Anyone who has had to do a ton of cooking during the holiday season will know just how stressful it can be, so here are a few tips to help make cooking that massive dinner a success.
1. As obvious as it may seem, make sure you have everything you need for whatever it is you're cooking. You don't want to be half way into making a batch of cookies only to realize you don't have any butter or whatever. I suggest reading the recipe, and pulling the individual items out of the pantry and fridge as you read along to make sure you have what you need.
2. Got a pan with dubious non-stick qualities, and you don't want to cook in oil? Or you want to make sure your pancakes or eggs don't stick in any kind of pan? Let your pan of choice preheat, and then add about a half tablespoon of your favorite oil. Then, use a napkin or cloth to rub it into the entire pan, and then simply wipe away any excess. From there, you can add butter, and cook your heart out knowing nothing will stick. This method is used to cook eggs in cast iron cookery, and works just fine with other types of pans. Bonus tip: spray your cheese grater with a thin layer of non-stick spray to make grating great.
3. Add wine to like... everything you cook!
4. When making whipped cream for pies or desserts, hand mix the heavy whipping cream. I personally hand mix just about everything, mainly because I am far too lazy to drag out the mixer, but using a hand whisk for whipped cream will really help you gauge just how done it is.
5. Recipes are not written in stone. With a few exceptions of course, feel free to substitute or exclude whatever you want. This also means that you can put other ingredients in the dish as well. The bulk of my cooking recently has excluded eggs 100%, so either I will leave the eggs out completely, or I will substitute them with more of another liquid, baking powder, or baking soda. Eggs are usually used as a form of leavening, and as a binder, but bananas work just as well for this purpose. No chicken broth? No problem, I'm sure you have chicken flavored bouillon laying around somewhere.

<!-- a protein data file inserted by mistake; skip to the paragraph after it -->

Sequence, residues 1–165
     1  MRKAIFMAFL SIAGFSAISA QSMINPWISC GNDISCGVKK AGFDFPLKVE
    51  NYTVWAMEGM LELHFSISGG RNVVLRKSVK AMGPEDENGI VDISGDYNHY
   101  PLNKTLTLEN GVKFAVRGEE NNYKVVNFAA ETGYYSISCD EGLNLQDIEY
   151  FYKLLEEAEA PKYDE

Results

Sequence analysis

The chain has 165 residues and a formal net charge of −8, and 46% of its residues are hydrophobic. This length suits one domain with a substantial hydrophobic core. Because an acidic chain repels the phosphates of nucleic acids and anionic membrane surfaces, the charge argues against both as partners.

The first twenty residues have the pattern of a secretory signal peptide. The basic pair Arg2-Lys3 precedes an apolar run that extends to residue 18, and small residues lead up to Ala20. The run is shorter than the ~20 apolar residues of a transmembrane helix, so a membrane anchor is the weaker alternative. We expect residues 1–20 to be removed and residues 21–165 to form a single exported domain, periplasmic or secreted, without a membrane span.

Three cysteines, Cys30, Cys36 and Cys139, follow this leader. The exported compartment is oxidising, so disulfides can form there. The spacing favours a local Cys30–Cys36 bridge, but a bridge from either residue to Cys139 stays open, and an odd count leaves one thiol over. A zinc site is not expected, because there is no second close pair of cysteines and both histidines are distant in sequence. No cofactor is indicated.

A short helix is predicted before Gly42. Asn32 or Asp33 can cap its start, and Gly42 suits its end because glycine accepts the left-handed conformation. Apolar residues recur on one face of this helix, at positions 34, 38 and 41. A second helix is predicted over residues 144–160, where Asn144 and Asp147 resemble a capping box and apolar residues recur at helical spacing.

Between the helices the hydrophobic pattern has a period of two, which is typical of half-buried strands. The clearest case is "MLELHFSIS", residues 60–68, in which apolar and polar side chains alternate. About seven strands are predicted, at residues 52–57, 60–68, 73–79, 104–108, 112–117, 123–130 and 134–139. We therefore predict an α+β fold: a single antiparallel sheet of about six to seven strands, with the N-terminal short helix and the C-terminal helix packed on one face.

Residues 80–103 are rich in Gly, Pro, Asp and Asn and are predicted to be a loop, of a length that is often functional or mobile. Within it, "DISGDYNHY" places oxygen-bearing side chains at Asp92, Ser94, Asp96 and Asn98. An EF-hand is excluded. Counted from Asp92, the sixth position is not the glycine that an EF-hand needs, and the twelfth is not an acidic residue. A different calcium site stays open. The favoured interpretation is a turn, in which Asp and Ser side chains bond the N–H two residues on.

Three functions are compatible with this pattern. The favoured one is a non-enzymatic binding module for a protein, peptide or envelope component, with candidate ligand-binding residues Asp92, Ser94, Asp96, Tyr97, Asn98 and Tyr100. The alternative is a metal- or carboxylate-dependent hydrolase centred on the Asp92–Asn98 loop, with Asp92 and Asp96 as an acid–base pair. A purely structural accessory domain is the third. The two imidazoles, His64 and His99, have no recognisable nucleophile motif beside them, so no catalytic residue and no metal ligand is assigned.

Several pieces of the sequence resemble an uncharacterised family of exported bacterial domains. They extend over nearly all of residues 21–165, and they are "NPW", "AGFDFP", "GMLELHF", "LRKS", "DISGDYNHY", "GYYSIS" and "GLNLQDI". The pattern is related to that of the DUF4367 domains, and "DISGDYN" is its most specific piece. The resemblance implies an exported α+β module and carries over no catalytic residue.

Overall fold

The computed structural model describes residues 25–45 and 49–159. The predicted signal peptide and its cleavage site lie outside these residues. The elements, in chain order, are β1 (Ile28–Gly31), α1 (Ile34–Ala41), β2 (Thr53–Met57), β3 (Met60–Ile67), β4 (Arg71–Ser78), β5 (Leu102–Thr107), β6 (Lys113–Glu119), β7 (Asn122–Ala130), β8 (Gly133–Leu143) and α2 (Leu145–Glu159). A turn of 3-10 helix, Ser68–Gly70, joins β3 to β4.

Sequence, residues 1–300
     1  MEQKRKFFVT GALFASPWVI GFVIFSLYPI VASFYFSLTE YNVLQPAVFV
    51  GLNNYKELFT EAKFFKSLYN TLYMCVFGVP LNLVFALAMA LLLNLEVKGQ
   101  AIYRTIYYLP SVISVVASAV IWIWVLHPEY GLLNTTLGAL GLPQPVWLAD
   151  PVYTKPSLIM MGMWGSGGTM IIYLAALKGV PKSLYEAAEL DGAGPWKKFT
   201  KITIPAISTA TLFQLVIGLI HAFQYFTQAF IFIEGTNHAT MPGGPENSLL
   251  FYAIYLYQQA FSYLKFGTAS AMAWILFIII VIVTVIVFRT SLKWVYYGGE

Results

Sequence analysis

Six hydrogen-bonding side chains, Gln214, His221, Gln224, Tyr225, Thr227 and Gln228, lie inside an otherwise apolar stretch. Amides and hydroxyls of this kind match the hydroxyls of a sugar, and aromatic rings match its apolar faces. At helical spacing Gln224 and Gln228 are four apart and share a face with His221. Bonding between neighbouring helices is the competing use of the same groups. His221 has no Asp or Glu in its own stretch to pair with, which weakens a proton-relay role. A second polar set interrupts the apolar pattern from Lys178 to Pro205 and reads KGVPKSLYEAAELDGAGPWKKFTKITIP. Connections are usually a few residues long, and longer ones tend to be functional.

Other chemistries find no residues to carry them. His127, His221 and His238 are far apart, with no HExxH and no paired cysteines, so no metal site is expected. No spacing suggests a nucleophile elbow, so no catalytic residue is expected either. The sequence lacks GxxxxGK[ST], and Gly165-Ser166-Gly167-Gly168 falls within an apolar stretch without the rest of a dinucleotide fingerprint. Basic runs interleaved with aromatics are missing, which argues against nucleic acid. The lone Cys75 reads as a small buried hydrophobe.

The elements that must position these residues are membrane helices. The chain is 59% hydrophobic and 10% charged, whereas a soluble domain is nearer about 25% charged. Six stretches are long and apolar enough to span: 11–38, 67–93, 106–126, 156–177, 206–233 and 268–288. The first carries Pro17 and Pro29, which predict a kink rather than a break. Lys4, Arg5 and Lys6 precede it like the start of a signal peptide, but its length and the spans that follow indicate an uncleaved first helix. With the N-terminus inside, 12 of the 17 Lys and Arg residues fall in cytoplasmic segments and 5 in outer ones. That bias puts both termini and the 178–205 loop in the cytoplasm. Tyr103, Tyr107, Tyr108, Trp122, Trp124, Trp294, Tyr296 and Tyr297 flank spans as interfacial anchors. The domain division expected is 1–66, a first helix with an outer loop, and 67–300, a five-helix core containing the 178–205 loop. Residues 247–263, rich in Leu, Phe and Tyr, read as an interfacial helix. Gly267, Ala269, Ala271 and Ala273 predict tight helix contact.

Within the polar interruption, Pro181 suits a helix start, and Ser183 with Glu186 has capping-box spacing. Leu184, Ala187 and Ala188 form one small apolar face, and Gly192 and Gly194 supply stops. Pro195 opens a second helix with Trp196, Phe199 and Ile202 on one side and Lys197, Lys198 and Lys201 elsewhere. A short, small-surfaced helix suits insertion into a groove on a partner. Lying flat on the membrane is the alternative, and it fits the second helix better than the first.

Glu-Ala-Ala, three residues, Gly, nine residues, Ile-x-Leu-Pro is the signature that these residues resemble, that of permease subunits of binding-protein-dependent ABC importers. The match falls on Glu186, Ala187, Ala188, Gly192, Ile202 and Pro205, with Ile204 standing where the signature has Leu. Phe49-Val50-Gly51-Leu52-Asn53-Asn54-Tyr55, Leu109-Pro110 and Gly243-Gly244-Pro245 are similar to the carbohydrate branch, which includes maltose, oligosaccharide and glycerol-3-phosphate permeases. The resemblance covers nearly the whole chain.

6. Take your time when you cook, don't half bake something (pun intended), unless you're going for it. Most cooking I do will be lazy and something simple, but for real cooking, take your time and really feel what you're doing. Cooking is a cathartic activity, and the more respect you show the ingredients and the more prep you do, the better your dish will come out. Turkey needs another half hour? Then let it sit in the oven for another half hour.
7. Pay attention to your food. Don't go wandering off if you're sautéing onions, because they can go from not done one second, to practically on fire the next.
8. Like soft/hard boiled eggs, but hate dealing with peeling the shells off afterward? Simply add a few pinches of baking soda to them as they boil, and peeling will be far easier.
9. Going hand in hand with number 5, cooking times are also not set in stone. Food is done when YOU think it's done.
10. Stick to the basics. You absolutely do not need to add 500 different herbs and spices to food for it to taste good, and this is especially true with meats and produce. All I season steak with is salt, pepper, and garlic. For turkey, I use salt, pepper, butter, and oregano. While piling on the seasonings can add "depth" to the dish, it can also mask the flavor of the meat itself.
Bonus: A lot of people tend to add salt or olive oil to boiling water when cooking spaghetti, and claim that it prevents sticking and whatnot. Salt will only make the water boil faster. As for oil, if your noodles don't stick together, how do you expect the spaghetti sauce to stick to the noodles? The best way to prevent noodles from sticking to each other while they cook, is to give them a good stir right after adding them to the boiling water, and stirring them every so often until they are done.